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Asexuals at the Pride Parade

Asexual marchers challenge society to accept their lack of desire.

The San Francisco Pride Parade is wild, exuberant -- and it's all about sex. How could it not be? The pride in question involves matters of the flesh and heart: of practices, partners and passions. That's why its tens of thousands of marchers range from the motorcycle-gunning Dykes on Bikes to leashed-and-gagged S/M "bottoms" to gay Christians to gay grandparents to "furries" (folks who like to wear animal costumes) to the Sisters of Perpetual Indulgence: guys who cross-dress as nuns.

So it's interesting that this year, for the first time ever, an asexual contingent will march in SFPride.

I love SFPride. It's a glorious annual rite in a gorgeous city.

A few months ago, I wrote a post here at PT about asexuals, a subculture seldom heard from amid the modern world's hypersexualized babel. Admittedly, I'd never heard of this subculture or given the idea much thought before reading an interview with British asexuals in the UK's Independent. What would it be like to be asexual in a Western world obsessed with sex and with identity? Society's obsession with sex pretty much tells asexuals to be silent and ashamed. Yet society's obsession with identity pretty much tells asexuals to march, bearing flags.

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An asexual "does not experience attraction," explains Shawn Landis, who began writing asexual news for the San Francisco Examiner "after getting into an argument with an editor" over the notion "that having no sex drive was not a problem that required medical or psychiatric attention." Hoping to help "sort out the bafflement some of my fellow relationship examiners have encountered when discovering that there are people who simply do not want sex," Landis savors "ace" as the nickname for asexuals such as himself.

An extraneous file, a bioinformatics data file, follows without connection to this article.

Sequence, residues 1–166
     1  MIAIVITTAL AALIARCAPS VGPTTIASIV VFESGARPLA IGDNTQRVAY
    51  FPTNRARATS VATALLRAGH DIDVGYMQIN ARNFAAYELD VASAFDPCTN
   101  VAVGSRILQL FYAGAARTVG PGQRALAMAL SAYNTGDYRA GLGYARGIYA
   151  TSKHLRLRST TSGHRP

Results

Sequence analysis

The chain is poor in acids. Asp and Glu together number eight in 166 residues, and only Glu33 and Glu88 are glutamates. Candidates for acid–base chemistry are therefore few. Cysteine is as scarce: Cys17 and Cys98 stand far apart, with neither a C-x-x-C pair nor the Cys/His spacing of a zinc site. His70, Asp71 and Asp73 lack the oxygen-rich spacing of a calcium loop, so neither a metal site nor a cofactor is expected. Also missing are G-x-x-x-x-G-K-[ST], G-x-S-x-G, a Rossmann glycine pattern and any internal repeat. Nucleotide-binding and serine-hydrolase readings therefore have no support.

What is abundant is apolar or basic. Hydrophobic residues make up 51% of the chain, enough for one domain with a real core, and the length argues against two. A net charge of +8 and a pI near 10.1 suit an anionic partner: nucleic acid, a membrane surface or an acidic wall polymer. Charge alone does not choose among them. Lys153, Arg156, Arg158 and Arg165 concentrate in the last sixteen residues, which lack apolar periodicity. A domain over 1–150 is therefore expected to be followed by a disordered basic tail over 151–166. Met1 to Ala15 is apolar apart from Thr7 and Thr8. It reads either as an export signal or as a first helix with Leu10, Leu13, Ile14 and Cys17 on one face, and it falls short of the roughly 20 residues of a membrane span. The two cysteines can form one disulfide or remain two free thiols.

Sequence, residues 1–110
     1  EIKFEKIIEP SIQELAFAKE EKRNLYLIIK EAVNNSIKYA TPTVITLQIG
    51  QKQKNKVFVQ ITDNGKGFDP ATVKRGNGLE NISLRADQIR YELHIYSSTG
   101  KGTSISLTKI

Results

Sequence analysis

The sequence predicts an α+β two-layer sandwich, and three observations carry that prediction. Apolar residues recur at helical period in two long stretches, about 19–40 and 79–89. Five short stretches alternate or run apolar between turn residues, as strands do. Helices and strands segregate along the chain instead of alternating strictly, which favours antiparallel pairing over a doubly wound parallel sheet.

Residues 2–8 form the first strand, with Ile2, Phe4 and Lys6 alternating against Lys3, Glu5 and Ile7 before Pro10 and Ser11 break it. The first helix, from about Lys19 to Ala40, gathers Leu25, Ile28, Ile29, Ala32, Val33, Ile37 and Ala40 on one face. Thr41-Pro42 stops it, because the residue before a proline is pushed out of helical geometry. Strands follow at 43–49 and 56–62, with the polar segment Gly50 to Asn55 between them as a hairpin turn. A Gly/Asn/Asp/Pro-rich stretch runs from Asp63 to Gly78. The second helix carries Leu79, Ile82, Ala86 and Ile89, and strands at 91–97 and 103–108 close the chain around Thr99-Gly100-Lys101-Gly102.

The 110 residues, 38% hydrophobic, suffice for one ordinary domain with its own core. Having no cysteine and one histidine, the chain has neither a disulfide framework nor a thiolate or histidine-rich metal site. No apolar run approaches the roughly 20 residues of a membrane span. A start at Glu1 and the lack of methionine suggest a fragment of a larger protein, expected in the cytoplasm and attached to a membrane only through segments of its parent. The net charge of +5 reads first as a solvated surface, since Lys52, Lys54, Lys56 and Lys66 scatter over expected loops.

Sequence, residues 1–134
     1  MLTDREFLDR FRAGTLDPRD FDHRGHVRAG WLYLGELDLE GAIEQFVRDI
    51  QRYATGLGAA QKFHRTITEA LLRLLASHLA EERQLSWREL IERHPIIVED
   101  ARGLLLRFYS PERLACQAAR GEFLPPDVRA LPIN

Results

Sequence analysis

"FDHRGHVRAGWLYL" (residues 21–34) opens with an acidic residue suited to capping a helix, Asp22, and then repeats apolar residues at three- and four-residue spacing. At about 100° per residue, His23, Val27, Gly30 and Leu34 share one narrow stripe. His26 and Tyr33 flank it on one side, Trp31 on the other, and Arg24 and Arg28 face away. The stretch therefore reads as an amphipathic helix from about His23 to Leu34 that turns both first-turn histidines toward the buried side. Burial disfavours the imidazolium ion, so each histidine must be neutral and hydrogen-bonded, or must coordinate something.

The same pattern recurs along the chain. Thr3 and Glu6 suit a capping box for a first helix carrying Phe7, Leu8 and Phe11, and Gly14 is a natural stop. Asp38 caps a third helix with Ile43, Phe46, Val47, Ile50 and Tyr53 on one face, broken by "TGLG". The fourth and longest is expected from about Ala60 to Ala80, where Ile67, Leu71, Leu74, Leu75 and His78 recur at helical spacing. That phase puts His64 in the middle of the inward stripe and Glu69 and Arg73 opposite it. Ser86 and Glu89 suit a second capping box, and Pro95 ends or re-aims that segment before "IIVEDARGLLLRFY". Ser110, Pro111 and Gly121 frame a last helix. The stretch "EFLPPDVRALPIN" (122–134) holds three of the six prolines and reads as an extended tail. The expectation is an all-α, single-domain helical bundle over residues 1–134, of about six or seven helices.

"Gay Pride parades are not the first place you'd expect to find asexuals marching," Landis writes. "Some people who identify as ace fall under the GLBT umbrella while many others do not. Members of the queer movement have reached out to asexuals to include them in their community. The acronym for this has now become GLBTQA (gay, lesbian, bisexual, transgender, questioning, and asexual)."

Most other groups represented in this year's parade "will have more floats and more representatives," but the inclusion of an asexual group this year is "historic," Landis writes, hoping that the innovation "will make more people aware of this relatively small segment of the population. Little can be done to get people to stop thinking that people who simply do not want sex suffer from medical or psychological problems that causes this lack of desire." And although "some people that identify as ace feel they do not belong to the GLBT movement ... the asexual community wants recognition of their orientation" nonetheless.
 
The asexual presence at next Saturday's SFPride will test the tolerance of viewers worldwide. Sure, accepting basic same-sex sexuality is hard enough for some. For some, accepting gay marriage is a milestone, a point of pride and self-congratulation. Ditto group sex, horse-costume sex, and sex involving razor blades and blood. But tolerating no desire for sex?

Society: I dare you.

 

Anneli Rufus is the author of many books, including Party of One: The Loners' Manifesto and Stuck: Why We Can't (or Won't) Move On.

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